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Old Aug 20th 2017, 01:45 PM   #1
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d'alembert worked example but is trig correct?

Trying to follow another D'Alembert problem (see attached). Can't figure the step where they wrote $\displaystyle \delta W_G = -mgR \sin \phi \delta \phi$, shouldn't it be $\displaystyle \delta W_G = -mgR (1 - \cos
\phi) \delta \phi$ since we are measuring against the vertical force of gravity?
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d'alembert worked example but is trig correct?-bead-hoop.png   d'alembert worked example but is trig correct?-bead-hoop-text.png  

Last edited by kiwiheretic; Aug 20th 2017 at 02:10 PM. Reason: mistake in formula
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Old Aug 20th 2017, 03:54 PM   #2
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Yes, the book is right.

Here is the outline derivation.

In the attachment Fig 1 show the tangent at A rotated through an angle theta at B.
This is the same as the angle turned through by the radius to get from A to B and is completely general.

You should be able to convince yourself of this.

Now let the radius arm move on a small extra delta theta to C as in Fig 2 we generate a small triangle BCH with hypotenuse aligned to the tangent at B, which we know is at angle theta to the horizontal (tangent at A).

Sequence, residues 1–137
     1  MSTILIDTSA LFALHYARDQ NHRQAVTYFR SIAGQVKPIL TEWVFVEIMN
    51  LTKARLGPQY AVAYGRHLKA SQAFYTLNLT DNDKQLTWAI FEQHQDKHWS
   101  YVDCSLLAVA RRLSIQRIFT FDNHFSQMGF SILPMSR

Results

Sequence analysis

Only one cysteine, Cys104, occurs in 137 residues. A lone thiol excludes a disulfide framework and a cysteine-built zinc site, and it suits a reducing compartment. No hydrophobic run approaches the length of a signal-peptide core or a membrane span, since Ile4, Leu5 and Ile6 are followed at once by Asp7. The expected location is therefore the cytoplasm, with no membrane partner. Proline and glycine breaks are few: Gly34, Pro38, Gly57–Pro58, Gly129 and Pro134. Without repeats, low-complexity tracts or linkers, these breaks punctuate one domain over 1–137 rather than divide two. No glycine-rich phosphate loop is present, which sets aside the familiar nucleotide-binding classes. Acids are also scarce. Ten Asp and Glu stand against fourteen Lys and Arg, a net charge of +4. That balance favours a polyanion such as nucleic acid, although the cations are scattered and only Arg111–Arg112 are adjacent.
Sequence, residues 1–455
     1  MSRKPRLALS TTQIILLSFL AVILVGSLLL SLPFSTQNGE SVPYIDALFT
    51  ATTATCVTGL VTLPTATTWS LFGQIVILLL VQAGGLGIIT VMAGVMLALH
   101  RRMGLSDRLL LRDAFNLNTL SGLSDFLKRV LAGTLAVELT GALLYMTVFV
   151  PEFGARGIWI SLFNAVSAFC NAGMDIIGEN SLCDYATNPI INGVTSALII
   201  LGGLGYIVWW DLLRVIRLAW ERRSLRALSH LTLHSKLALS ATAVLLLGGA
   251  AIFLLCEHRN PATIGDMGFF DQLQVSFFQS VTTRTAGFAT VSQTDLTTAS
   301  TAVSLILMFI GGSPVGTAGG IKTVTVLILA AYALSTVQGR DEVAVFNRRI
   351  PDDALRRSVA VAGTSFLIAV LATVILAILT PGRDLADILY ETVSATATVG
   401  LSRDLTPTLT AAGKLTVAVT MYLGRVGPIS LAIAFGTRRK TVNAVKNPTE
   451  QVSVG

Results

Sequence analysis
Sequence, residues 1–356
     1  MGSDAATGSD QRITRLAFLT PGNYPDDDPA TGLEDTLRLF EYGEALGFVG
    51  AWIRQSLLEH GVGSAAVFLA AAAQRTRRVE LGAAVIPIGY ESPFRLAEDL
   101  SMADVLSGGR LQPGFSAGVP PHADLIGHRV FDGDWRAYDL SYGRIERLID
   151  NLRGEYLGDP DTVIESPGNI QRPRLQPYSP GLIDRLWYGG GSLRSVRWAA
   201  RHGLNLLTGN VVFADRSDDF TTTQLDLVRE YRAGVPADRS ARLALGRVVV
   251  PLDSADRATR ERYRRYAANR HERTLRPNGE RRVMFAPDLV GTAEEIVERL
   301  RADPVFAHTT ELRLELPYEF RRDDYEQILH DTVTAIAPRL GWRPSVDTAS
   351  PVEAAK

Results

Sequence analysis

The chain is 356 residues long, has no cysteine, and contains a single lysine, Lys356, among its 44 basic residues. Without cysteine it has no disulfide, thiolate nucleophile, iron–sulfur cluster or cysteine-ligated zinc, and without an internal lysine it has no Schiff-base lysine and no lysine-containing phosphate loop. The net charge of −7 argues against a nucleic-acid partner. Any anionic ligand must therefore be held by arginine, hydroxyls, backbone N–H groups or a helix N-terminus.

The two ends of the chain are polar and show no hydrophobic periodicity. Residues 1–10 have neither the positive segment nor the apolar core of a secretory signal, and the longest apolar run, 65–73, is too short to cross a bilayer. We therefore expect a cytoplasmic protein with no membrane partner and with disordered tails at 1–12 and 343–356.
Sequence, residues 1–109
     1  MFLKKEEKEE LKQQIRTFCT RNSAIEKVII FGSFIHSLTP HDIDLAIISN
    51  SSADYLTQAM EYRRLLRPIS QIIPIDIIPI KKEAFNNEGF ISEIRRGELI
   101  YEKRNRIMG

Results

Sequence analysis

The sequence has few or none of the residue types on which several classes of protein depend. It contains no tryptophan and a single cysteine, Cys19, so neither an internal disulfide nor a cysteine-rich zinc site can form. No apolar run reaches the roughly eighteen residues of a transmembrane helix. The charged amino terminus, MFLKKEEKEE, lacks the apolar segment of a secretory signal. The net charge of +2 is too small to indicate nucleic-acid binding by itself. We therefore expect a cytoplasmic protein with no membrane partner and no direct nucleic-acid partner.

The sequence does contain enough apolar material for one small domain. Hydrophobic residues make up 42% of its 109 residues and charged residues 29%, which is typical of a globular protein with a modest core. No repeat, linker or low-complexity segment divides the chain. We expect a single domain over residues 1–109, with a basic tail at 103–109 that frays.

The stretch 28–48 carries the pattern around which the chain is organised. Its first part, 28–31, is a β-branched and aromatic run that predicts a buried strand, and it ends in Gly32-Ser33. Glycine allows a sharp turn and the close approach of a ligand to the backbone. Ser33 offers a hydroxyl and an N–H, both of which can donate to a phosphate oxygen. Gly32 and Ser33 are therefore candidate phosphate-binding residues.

We are only interested in the extra work, delta W, created in moving from B to C which is given by the rise delta y times mg, as you corectly observe (with appropriate signs).

Now approximate hypotenuse BC by arc BC which is equal to radius times angle.
So the rise, delta y, is BC sine theta, which is R delta theta sine theta, as required.

Sorry I used theta instead of phi.
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d'alembert worked example but is trig correct?-dalembert1.jpg  

Last edited by studiot; Aug 20th 2017 at 04:10 PM.
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Old Aug 20th 2017, 04:48 PM   #3
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But what is the length of the red segment (see attached)? I'm not sure how moving that angle around to the tangent helps.

Edit: Ok, figured that part out. The red segment is $\displaystyle R\tan \frac {\theta}{2} $ so the work against gravity is $\displaystyle \delta W_g =
-mgR\tan \frac {\theta}{2} \sin \theta \: \delta x$ ?? I have a feeling I'm not tied into the right differential $\displaystyle \delta s$ but not sure how to make the substitution.

Edit again: Ok, I see what you are getting at now. I was trying to calculate the entire height y rather than the incremental height $\displaystyle \delta y$.
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d'alembert worked example but is trig correct?-dalembert1.reply.1.png   d'alembert worked example but is trig correct?-circle-angle-proof-1.png  

Last edited by kiwiheretic; Aug 20th 2017 at 07:34 PM. Reason: fix up formula
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